Pleurisy Root is commonly found in dry open habitats, especially in the prairies and grasslands of the Midwest and Great Plains. This bright orange plant is composed of multiple stems that are straight and densely covered in hair. It typically grows 1 to 2 feet high and has leaves that are simple and arranged alternately. Unlike other milkweed species, Pleurisy Root lacks the characteristic thick milky sap, instead having a watery and translucent sap. The inflorescence is slightly rounded or flat and is composed of numerous individual flowers. Each flower consists of five downward-pointing petals and a crown of five erect hoods. The fruit is a pod that contains numerous brown seeds, each adorned with a tuft of silky white hairs. Although the root of Pleurisy Root is typically used the most for its medicinal benefits, various parts of the plant were also utilized by several Indigenous tribes for different purposes, including as a food source.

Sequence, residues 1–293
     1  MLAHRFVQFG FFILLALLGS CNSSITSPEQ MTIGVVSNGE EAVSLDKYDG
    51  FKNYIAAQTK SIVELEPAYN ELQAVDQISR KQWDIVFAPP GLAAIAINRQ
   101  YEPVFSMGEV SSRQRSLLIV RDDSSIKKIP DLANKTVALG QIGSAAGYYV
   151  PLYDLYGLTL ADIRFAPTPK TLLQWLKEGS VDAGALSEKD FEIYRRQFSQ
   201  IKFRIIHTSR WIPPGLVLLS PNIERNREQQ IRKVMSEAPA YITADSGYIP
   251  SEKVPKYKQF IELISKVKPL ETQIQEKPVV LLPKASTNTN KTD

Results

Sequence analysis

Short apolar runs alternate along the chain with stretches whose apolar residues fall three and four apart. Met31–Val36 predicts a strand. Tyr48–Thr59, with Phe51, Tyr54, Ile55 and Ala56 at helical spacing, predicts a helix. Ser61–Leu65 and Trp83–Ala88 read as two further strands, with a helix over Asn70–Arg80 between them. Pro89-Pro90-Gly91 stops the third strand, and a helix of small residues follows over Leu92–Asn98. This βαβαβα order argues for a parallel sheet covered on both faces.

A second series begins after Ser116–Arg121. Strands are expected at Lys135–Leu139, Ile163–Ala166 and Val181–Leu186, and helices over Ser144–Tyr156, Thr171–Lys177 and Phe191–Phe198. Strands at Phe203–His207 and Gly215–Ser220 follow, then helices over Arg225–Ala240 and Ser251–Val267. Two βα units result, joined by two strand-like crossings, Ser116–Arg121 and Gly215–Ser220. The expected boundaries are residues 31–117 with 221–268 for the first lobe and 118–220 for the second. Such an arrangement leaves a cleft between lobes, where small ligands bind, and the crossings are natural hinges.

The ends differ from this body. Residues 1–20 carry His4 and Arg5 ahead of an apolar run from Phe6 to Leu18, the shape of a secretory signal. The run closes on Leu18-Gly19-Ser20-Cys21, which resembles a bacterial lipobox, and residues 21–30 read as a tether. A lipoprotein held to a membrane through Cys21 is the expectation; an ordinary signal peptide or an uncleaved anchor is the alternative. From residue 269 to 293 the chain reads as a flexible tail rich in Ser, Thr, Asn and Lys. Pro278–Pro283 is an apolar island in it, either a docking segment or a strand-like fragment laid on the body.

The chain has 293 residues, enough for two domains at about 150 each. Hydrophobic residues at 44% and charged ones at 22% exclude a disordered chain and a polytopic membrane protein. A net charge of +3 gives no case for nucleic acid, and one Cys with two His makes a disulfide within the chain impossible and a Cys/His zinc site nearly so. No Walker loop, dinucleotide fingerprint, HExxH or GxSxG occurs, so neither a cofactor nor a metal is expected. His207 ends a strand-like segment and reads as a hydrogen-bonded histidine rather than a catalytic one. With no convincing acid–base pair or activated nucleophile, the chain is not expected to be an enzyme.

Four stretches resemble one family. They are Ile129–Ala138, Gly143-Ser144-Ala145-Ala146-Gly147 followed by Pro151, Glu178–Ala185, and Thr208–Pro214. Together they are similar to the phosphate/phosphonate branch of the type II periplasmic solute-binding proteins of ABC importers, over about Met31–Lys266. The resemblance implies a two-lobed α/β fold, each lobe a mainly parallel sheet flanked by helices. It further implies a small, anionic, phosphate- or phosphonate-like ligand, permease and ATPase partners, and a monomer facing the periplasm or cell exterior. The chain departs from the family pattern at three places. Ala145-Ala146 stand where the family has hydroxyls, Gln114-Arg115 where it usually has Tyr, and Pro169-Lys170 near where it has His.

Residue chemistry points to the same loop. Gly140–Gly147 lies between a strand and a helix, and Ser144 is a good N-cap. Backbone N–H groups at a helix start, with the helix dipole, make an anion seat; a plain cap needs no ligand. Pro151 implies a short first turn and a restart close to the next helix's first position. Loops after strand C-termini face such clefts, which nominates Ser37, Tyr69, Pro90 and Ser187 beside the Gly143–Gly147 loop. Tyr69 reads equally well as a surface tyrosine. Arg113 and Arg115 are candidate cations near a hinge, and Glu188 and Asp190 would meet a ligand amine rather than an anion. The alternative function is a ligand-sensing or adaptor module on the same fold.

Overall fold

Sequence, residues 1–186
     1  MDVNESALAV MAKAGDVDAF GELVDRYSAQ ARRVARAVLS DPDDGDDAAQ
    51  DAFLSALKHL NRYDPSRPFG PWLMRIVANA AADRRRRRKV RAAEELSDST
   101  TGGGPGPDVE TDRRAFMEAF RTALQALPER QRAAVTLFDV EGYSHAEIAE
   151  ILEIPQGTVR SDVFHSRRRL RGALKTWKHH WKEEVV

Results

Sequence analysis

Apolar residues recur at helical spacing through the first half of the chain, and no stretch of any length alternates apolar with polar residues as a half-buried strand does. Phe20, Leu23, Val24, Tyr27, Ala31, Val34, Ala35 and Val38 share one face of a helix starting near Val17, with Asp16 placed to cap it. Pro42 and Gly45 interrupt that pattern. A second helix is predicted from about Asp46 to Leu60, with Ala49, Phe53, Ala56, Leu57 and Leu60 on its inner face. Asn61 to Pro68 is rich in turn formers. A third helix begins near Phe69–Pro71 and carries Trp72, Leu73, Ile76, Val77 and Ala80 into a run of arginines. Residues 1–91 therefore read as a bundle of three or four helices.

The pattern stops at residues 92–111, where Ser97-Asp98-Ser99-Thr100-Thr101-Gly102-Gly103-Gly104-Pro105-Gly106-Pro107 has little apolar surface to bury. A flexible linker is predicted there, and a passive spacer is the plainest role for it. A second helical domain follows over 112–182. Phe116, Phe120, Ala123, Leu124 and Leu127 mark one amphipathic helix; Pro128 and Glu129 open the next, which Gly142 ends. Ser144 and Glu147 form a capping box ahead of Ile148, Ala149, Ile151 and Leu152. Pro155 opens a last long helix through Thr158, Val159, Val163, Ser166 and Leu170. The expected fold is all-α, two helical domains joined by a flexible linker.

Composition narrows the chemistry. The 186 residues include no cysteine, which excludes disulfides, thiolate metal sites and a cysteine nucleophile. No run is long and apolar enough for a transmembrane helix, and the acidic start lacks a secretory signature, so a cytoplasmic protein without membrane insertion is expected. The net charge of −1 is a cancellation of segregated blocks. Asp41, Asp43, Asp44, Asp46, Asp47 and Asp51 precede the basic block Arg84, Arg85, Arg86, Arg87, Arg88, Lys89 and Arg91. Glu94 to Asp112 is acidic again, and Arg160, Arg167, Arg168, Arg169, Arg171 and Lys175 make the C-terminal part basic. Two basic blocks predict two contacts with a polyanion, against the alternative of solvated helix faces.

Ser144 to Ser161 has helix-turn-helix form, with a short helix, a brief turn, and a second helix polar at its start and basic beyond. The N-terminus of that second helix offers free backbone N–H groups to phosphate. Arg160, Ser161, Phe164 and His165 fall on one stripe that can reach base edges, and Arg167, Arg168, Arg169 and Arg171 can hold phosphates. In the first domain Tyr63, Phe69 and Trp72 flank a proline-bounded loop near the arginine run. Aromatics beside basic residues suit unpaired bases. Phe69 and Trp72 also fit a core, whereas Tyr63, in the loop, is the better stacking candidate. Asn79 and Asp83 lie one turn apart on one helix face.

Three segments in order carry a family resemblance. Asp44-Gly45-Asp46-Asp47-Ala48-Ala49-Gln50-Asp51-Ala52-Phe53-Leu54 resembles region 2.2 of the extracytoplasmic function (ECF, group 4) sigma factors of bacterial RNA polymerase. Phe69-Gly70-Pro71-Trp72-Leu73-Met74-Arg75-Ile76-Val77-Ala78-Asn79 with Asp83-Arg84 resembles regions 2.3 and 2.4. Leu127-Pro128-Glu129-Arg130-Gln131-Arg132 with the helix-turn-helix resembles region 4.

Functions and Properties
Throughout History

Pleurisy Root Tea

Pleurisy Root has held a prominent position in Indigenous culture for hundreds of years. They commonly used the roots of the plant to treat various ailments, including typhoid, pneumonia, congestion, dysentery, colic, eczema, and even hysteria. However, different tribes had their own specific uses for Pleurisy Root. For example:

  • The Natchez people brewed a tea using boiled Pleurisy Root to treat pneumonia and believed it to be effective for hot, dry fevers.

  • The Omaha tribe exclusively allowed members of the Shell society to dig and distribute the roots, which were consumed raw to relieve bronchitis and chest ailments.

  • The Menominee tribe used powdered root for treating cuts, bruises, and wounds. They either applied the powder directly onto wounds or dried and pulverized the root, and then blew it into the wounds as a remedy

  • The Cheyenne tribe made a tea from the plant to address snowblindness and other eye issues, applying it to the eyes with clean cloths. They also utilized the chewed root for rashes, sores, diaper rash, and teething discomfort in babies.

  • The Mesquakie tribe employed the root to expel tapeworms, while some species served as contraceptives.